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La Adelita

Song by:
Unknown
Testimony by:
Luis Cifuentes Seves
Experience in:
Campamento de Prisioneros Chacabuco, January – February 1974
« This is another song that was performed by the band Los de Chacabuco and was sung in the prisoners’ weekly show. It’s a very old Mexican song that was popular in Chile. It used to be performed in the compound set up by the prisoners, and rehearsed at Los de Chacabuco's venue in the so-called Civic District. Along with the other songs recovered from the historic cassette, this one was also recorded in the group’s aforementioned venue. »
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Blue Eyes (Ojos azules)

Song by:
Manuel Casazola Huancco
Testimony by:
Luis Cifuentes Seves
Experience in:
Campamento de Prisioneros Chacabuco, January – February 1974
« This is the last track on the cassette recorded by the band Los de Chacabuco in the concentration camp; it was digitised in 2015. They played at the prisoners' weekly show. The song was very popular in Chile in the 1960s and many bands included it in their repertoire. The quena is played by Ricardo Yocelewski and the charango is played by Luis Cifuentes. »
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Melody by Jorge Peña Hen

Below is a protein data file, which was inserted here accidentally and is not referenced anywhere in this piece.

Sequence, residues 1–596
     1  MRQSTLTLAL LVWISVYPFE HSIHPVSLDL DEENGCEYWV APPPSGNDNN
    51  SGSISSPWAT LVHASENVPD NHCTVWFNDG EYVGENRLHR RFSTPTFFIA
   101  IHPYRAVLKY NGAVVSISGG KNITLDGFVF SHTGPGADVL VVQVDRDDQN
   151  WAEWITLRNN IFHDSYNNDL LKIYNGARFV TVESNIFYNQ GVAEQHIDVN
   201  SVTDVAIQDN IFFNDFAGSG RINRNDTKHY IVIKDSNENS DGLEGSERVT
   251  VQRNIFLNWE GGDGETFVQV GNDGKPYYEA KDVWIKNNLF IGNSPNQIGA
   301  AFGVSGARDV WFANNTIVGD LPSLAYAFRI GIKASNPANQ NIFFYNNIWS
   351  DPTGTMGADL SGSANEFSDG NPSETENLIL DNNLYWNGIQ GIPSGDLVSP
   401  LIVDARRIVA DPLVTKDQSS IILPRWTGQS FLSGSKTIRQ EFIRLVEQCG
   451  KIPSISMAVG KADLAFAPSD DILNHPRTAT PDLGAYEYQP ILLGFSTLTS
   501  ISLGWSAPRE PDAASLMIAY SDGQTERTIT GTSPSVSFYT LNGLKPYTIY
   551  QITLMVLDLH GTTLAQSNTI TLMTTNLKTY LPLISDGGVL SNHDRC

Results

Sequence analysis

Song by:
Jorge Peña Hen
Testimony by:
Eliseo González
Experience in:
Cárcel de la Serena, October 1973
« Jorge Peña Hen was in solitary confinement that day. I don’t know how, but someone brought him matches. With his saliva, he made ink from the phosphorus tips, which he then used to write a score of music on a scrap of paper. »
[...]
« Keep in mind that the prisoners included farm workers, miners and intellectuals. So if you put on classical music for an old guy from the hills, he would say “What’s that?” Or, if you played Mexican corridos for the intellectuals or pseudo-intellectuals, they might not like it much. »
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Today I Sing for the Sake of Singing (Hoy canto por cantar)

Song by:
Nydia Caro and Riccardo Cerratto
Testimony by:
Beatriz Bataszew Contreras
Experience in:
« I have never been a great music listener. Nevertheless, before the coup I used to listen to Nueva Canción, especially Quilapayún and Rolando Alarcón. I also liked cumbias, to fool around. We would dance and have fun. On the other hand, and this is more due to my family, I have always liked classical music, particularly Tchaikovsky. It stirs important things in me. It moves me. »
[...]
« The history of the female political prisoners was different from that of the men because it heavily emphasised sexual violence and sexual torture. Up until now this has been denied and looked upon with indolence, from institutions to human rights organisations. We women never achieved justice and never will. »